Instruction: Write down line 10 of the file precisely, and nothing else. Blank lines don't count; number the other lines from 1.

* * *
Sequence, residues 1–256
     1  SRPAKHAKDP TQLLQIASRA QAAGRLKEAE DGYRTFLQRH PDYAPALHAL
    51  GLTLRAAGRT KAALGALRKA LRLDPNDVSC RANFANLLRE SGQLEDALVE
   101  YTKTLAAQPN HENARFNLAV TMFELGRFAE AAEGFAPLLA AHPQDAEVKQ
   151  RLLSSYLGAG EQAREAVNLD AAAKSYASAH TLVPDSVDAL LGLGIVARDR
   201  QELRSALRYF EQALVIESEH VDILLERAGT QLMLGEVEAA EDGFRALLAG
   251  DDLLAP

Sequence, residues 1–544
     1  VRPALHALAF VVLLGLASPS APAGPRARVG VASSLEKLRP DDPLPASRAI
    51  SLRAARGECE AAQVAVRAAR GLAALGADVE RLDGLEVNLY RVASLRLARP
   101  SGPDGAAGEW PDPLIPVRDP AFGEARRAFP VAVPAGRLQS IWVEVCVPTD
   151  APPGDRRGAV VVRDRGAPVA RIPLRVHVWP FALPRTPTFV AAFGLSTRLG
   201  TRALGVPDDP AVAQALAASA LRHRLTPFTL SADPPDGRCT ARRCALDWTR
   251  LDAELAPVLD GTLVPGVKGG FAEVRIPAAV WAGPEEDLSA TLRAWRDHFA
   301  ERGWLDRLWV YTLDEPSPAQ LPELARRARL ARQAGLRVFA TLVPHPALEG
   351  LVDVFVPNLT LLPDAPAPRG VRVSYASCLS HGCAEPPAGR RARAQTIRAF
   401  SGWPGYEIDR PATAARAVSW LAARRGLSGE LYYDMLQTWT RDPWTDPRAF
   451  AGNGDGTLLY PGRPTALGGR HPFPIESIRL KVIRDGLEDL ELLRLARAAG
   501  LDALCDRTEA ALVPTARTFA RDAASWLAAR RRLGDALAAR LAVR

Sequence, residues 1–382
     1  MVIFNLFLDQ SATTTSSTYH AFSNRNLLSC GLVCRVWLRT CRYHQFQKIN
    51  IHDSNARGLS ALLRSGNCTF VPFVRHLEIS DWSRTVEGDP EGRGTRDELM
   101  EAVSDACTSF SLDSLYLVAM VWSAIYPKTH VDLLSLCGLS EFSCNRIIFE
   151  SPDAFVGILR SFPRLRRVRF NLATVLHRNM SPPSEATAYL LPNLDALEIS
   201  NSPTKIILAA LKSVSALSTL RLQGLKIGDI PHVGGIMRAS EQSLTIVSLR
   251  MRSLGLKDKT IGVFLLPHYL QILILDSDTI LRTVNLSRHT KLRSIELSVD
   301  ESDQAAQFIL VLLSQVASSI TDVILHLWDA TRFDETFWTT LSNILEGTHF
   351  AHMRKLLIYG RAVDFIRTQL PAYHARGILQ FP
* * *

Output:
    51  SLRAARGECE AAQVAVRAAR GLAALGADVE RLDGLEVNLY RVASLRLARP